Additional information about this, The Cult vinyl art.
The Cult – The Artist/s
The Cult are a British rock band formed in 1983. Before settling on their current name in January 1984, the band performed under the name Death Cult, which was an evolution of the name of lead singer Ian Astbury’s previous band Southern Death Cult. They gained a dedicated following in the United Kingdom in the mid-1980s as a post-punk/gothic rock band, with singles such as “She Sells Sanctuary”, before breaking into the mainstream in the United States in the late 1980s establishing themselves as a hard rock band with singles such as “Love Removal Machine” and “Fire Woman”. Since the initial formation of Southern Death Cult in Bradford in 1981, the band have had various line-ups; the longest-serving members are Astbury and guitarist Billy Duffy, who are the band’s two songwriters. The Cult relocated to Los Angeles, California, before breaking up in 1995, due to internal conflicts. The band reunited in 1999 and released a few albums before going on hiatus in 2002. They returned in 2006 to perform a series of worldwide tours, and have since released three more studio albums.
She Sells Sanctuary – The Song
‘She Sells Sanctuary’ is a song by the British rock band the Cult. It is from their 1985 album Love and was released as a single in May of that year, peaking at number 15 on the UK Singles Chart. In July 2020, the British Phonographic Industry (BPI) awarded the song a Gold certification for sales and streams of over 400,000. “She Sells Sanctuary” was the last song to be recorded with the Cult’s longtime drummer, Nigel Preston, who was fired from the band shortly after its release. According to Cult guitarist Billy Duffy, the iconic introduction effects were the result of all the guitar effects pedals being on at the same time. The recording was edited to include the introduction with the effects, whereas earlier versions started the song more abruptly.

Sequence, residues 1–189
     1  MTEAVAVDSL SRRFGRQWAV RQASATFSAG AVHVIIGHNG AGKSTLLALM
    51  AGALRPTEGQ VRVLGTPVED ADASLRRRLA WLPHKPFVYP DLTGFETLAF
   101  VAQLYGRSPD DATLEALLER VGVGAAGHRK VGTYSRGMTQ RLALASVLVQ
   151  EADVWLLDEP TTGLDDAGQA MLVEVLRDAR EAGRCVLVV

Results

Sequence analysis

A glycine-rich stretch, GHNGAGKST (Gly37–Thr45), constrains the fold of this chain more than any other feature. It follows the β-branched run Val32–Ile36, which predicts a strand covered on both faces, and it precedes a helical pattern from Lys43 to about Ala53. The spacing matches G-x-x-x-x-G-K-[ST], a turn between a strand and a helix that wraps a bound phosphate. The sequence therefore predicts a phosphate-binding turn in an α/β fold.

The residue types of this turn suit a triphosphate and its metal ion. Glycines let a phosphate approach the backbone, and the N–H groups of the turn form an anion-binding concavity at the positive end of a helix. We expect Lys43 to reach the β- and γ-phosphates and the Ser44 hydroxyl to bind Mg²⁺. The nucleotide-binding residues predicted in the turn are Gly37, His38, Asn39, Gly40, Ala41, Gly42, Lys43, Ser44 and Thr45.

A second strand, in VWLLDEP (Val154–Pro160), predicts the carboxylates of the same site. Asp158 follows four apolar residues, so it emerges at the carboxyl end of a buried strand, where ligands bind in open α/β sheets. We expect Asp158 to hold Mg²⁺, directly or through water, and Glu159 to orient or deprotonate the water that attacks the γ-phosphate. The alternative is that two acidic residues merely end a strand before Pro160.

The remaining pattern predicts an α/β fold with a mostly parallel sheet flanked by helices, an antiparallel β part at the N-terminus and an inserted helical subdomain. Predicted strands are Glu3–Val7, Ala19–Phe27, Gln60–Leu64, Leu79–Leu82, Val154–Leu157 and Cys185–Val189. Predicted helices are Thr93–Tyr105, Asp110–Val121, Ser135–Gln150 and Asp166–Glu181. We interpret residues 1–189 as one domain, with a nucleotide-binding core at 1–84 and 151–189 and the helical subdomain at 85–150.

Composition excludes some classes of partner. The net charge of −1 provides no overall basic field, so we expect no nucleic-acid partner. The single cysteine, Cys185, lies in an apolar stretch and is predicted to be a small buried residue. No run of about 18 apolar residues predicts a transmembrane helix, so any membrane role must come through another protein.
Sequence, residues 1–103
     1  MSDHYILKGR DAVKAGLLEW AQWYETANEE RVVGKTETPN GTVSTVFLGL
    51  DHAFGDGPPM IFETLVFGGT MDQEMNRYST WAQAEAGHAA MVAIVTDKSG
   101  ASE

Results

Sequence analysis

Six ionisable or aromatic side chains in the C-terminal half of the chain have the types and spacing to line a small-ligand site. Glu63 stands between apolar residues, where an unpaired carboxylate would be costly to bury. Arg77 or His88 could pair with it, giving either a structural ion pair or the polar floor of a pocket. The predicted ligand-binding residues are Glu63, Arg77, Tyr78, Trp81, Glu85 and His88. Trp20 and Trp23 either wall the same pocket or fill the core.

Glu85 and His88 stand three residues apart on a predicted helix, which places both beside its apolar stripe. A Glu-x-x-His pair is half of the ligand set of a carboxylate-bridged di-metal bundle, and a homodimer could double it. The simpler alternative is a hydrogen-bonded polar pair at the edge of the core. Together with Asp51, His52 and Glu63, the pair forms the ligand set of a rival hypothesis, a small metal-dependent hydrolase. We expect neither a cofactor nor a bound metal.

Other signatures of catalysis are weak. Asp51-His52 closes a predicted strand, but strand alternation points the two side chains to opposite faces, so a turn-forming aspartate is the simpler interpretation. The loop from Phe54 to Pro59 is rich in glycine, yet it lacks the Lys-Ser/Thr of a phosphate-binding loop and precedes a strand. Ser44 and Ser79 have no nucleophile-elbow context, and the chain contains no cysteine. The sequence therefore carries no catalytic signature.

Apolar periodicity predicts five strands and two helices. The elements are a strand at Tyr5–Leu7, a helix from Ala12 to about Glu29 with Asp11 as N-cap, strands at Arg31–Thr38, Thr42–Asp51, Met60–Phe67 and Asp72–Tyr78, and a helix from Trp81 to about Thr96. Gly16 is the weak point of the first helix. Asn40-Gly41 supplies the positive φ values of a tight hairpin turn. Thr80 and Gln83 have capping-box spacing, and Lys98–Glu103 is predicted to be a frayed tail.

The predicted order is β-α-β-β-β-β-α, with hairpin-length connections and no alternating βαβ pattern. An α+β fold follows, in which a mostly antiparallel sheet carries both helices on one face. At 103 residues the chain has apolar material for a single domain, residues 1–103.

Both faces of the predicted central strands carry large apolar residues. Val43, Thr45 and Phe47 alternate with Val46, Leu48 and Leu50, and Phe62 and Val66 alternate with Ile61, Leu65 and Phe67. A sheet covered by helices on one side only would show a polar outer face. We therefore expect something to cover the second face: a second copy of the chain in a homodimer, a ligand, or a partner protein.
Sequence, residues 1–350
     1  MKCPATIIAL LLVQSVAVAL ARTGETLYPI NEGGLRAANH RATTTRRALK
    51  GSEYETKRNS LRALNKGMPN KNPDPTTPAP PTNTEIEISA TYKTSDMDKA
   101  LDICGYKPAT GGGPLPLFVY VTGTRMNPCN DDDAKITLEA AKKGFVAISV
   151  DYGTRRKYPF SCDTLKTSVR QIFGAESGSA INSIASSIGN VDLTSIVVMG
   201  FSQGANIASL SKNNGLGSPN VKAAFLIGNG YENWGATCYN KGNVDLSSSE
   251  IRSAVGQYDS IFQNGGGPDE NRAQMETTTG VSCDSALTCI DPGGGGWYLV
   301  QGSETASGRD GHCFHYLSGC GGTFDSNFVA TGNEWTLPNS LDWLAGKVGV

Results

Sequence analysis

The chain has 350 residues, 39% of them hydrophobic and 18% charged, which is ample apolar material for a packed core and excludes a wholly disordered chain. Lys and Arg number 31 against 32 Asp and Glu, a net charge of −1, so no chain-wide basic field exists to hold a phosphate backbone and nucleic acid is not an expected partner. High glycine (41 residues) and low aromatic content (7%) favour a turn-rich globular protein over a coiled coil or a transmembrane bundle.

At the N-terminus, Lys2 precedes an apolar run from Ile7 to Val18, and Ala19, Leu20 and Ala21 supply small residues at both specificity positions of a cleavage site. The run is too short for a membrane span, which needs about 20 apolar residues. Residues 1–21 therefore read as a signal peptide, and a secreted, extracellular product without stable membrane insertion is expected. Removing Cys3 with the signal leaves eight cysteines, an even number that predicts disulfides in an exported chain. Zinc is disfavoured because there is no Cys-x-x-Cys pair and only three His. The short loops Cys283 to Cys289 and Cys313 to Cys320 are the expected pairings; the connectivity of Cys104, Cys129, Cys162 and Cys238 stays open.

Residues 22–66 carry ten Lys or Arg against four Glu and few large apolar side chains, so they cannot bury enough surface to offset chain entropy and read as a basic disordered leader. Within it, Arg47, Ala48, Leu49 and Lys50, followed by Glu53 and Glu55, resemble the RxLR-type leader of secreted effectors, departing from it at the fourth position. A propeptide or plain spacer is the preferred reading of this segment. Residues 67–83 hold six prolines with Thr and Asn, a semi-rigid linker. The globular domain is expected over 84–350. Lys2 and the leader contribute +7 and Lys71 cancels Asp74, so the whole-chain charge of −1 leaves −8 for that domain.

The Indian Teepee – The Shape
This record has been modelled into the silhouette of a Teepee. A tipi, also tepee or teepee and often called a lodge in older English writings, is a tent, traditionally made of animal skins upon wooden poles. Modern tipis usually have a canvas covering. A teepee is distinguished from other conical tents by the smoke flaps at the top of the structure. Historically, the teepee has been used by Indigenous peoples of the Plains in the Great Plains and Canadian Prairies of North America, notably the seven sub-tribes of the Dakota, among the Iowa people, the Otoe and Pawnee, and among the Blackfeet, Crow, Assiniboines, and Plains Cree. The teepee is durable, provides warmth and comfort in winter, is cool in the heat of summer, and is dry during heavy rains. Teepees can be disassembled and packed away quickly when people need to relocate and can be reconstructed quickly upon settling in a new area. Historically, this portability was important to Plains Indians with their at-times nomadic lifestyle.
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